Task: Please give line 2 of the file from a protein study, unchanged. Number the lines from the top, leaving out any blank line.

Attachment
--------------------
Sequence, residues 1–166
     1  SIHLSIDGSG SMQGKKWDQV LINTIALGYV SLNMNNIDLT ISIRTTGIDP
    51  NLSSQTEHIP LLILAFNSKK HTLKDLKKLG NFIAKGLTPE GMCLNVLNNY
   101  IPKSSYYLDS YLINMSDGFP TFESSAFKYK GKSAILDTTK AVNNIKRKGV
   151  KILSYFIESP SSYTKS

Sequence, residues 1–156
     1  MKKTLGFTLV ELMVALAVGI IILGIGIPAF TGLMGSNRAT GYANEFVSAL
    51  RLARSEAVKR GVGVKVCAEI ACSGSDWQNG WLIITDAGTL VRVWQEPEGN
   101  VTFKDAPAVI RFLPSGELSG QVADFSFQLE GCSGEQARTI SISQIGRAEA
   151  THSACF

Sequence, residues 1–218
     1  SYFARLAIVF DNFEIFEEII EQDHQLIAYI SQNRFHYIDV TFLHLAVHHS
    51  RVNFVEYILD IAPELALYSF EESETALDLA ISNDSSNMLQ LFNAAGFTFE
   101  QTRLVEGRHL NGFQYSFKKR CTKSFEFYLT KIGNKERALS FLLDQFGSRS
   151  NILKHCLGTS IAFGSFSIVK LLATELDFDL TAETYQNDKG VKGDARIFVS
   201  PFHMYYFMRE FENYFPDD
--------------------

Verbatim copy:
     1  SIHLSIDGSG SMQGKKWDQV LINTIALGYV SLNMNNIDLT ISIRTTGIDP